Not that long ago it seems,
seems like a weird, fringe gimmick, something that neckbeards did in their garage to make parts for their Battlebots. But the truth is that it has completely changed the way manufacturing works in small scale. Even huge multinational companies like
have seen this and are taking advantage.
Rather than using 3D printing to make parts for cars, something that at GM's scale would be wildly expensive and inefficient, it is using the technology to produce tooling and fixtures for a number of its factories, but in particular its Lansing Delta Plant.
According to Automotive News, GM's
at Delta Lansing cost it approximately $35,000, but it has already saved the company more than $300,000 in tooling costs. As an example, the factory uses a special fixture to align VIN plates on vehicles. To buy this from a third party would cost the company upward of $3,000, but to print one in-house costs around $3.
It's these kinds of highly specific and low-volume pieces that 3D printing is perfect for, and when you couple that with the ability to have the person making the tools on-site be a part of the problem-solving process, you begin to see enormous benefits in terms of efficiency.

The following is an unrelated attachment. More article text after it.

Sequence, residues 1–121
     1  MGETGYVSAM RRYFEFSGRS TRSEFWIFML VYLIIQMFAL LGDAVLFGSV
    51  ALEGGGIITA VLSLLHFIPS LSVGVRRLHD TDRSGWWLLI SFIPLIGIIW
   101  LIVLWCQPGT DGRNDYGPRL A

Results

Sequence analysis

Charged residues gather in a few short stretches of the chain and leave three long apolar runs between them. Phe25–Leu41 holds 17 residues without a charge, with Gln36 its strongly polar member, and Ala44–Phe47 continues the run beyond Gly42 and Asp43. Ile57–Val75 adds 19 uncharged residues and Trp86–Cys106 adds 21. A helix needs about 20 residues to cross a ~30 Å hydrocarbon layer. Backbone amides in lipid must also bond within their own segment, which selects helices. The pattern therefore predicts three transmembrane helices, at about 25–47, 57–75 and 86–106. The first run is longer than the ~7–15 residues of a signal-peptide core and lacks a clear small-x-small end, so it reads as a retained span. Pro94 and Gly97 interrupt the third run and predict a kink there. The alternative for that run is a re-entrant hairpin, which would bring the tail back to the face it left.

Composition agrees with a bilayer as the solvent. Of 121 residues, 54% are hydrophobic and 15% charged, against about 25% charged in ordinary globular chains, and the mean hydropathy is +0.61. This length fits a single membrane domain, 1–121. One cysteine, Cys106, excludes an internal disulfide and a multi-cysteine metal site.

See how 3D printing is used to make airplane parts
The Delta Lansing plant uses a number of processes that are part of what GM is calling "Manufacturing 4.0", which also includes things like using
to inspect various assembly stations quickly, and "collaborative robots" that are able to work with humans and don't need to be confined to safety cages to prevent injury.
While technology like 3D printing is still too slow and expensive to use in large scale, it may not be that long before that changes, allowing factories to become less dependent on outside suppliers, or allowing dealerships to print their own replacement parts, and that would be pretty cool.